Follow Brew Beat on Twitter

Fielder frustrated by home run drought?

It’s become an annual rite of spring for the Brewers: Prince Fielder’s power drought. 

The perennially April-challenged slugger is once again deep into the month and still looking for his first home run. Fielder was homerless in 49 regular season at-bats entering Wednesday’s game against the Pirates and quickly approaching the longest drought of his career. In 2008, coming off a 50-homer season, Fielder did not hit his first until his 54th at-bat. 
“I’ve seen him much worse,” Brewers hitting coach Dale Sveum. “The problem is that he’s just ticked off now.”
Now Fielder may also be hurting. His left hand was under a thick wrap on Wednesday afternoon and Fielder did not take batting practice, though he was in the lineup as usual against the Pirates. Fielder declined to discuss the cause of his “injury.”
“It’s fine,” Fielder said before heading back to the clubhouse. 
Follow Brew Beat on Twitter

Odds and ends…

Brewers PR man Mike Vassallo must have had plenty of coffee on the team’s charter flight to Washington DC because today’s game notes are particularly chock full of tidbits. Cutting and pasting at will here…

TV and Radio schedule
Due to Milwaukee Bucks NBA playoff games, the Brewers have been moved from FS Wisconsin to WMLW for their televised games next Tuesday at Pittsburgh and on 4/26 vs. Pittsburgh…..the team’s radio games on Tuesday at Pittsburgh and 4/24 vs. Chicago-NL will be moved from WTMJ 620 AM to 94.5 Lake FM.
The Brewers left 15 runners on base in their 8-6 win yesterday at Chicago, marking the 41st time in team history that they left at least 15 on base…..the team had not left that many on base in a 9-inning game since a 9-3 win on 5/10/03 at Cincinnati.
Check the Board
The Brewers have used a different lineup in each of the first 9 games of the season.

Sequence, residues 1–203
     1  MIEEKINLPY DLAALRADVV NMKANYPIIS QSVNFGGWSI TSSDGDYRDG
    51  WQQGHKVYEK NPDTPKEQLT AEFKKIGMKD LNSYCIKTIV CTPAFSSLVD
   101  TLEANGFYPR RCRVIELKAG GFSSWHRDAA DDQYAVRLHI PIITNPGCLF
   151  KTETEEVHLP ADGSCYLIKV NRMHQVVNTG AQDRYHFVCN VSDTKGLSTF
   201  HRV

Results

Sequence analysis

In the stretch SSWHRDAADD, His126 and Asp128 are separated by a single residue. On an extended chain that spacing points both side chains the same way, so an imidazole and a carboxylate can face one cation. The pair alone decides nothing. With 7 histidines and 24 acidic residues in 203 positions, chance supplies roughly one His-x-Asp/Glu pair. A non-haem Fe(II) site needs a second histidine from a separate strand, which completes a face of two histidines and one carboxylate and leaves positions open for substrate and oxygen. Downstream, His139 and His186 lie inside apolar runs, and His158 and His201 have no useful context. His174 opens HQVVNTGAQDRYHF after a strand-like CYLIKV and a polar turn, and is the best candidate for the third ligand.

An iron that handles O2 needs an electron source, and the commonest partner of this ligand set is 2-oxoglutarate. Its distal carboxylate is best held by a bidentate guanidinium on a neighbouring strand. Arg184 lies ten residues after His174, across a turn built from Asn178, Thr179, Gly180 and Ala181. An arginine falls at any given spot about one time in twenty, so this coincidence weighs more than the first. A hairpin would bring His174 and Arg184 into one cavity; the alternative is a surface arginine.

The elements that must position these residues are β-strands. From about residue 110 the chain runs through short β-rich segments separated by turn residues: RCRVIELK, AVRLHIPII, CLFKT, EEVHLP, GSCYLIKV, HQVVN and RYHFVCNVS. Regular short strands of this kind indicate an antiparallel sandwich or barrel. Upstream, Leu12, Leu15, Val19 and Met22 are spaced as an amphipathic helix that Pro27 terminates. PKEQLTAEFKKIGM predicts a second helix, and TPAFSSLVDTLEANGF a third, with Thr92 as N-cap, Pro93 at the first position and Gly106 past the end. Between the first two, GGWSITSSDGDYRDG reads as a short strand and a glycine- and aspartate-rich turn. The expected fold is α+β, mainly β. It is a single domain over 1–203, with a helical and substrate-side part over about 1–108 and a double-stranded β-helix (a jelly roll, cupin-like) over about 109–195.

We’re Going Streaking!
Rickie Weeks (.333, 2hr, 7rbi) has hit safely in each of his first 9 games this season…..he is looking to become just the fifth player in franchise history to open the season with a hitting streak of at least 10 games…..listed are the players to accomplish the feat (Elias):
Player/Year… Streak
Dickie Thon (1993) . . . . . . . . . . . .13 games
Steve Hovley (1970) . . . . . . . . . . .10 games
Dale Sveum (1987) . . . . . . . . . . . .10 games
Ronnie Belliard (2000) . . . . . . . . .10 games
Hoff the Charts
Trevor Hoffman needs 7 saves for 600 in his career…..the all-time saves leader enters today’s game with 593 career saves…..Hoffman also needs just 11 appearances to become the 14th pitcher in Major League history to pitch in 1,000 career games…..a look at pitchers Hoffman is approaching on the all-time games pitched list (Elias):
Pitcher… Appearances
11. Roberto Hernandez . . . . . . . . . . . .1,010
12. Mike Jackson . . . . . . . . . . . . . . . . .1,005
13. Goose Gossage . . . . . . . . . . . . . . .1,002
14. Trevor Hoffman . . . . . . . . . . . . . . . .989
Everyday People
Prince Fielder has played in 194 straight games, which is the longest active consecutive games streak in the Major Leagues. (Elias)
Player… Streak
Prince Fielder, Mil . . . . . . . . . . . . . . . .194g
Everth Cabrera, SD . . . . . . . . . . . . . . . .106g
End of cut and paste. I’m not with the team in D.C. but I’ll be back on Tuesday for the series-opener in Pittsburgh. Until then…
Follow Brew Beat on Twitter.

Pujols encouraged Edmonds' comeback

Scott Paulus/Brewers
By mid-January, Jim Edmonds had a pretty good idea that he wanted to make one last run at the Major Leagues after a full season away. Heck, he had just announced as much to a room full of Cardinals fans. 
Just to be sure, Edmonds called on an old teammate to hit the batting cages in suburban St. Louis. It was about Day 3 of their early-morning swing sessions before Edmonds asked Albert Pujols what he thought. 
“He said I was crazy not to try it,” Edmonds said. 
Three months later, Edmonds is back in the Major Leagues with the Brewers. He signed a Minor League deal in late January, won a roster spot in Spring Training and has emerged as much more than an extra outfielder. Edmonds has started five of the Brewers’ first seven games including two weekend starts against Pujols and the Cardinals. He was back in center field on Monday against another former employer, the Cubs. 
This isn’t exactly what Pujols had in mind when he encouraged his old teammate to launch a comeback. 
“I hate to see him playing against us in the division,” Pujols said. “He’s always going to be a Cardinal forever.” 
But Edmonds is a Brewer now, and he’s among the most veteran players in the game. In baseball, 39-year-old outfielders are rare, and only four position players older than Edmonds have appeared in the Majors so far this season: Forty-two-year-olds Omar Vizquel and Matt Stairs and 40-year-olds Brad Ausmus and Ken Griffey Jr. 
Edmonds will turn 40 on June 27. 
“That’s seasoned,” Brewers first baseman Prince Fielder said with a big smile. “To do what he’s doing, that’s a gift.” 
For more on Edmonds’ comeback with the Brewers and a look back at some of his defensive gems, check out my story on later today. 
Follow Brew Beat on Twitter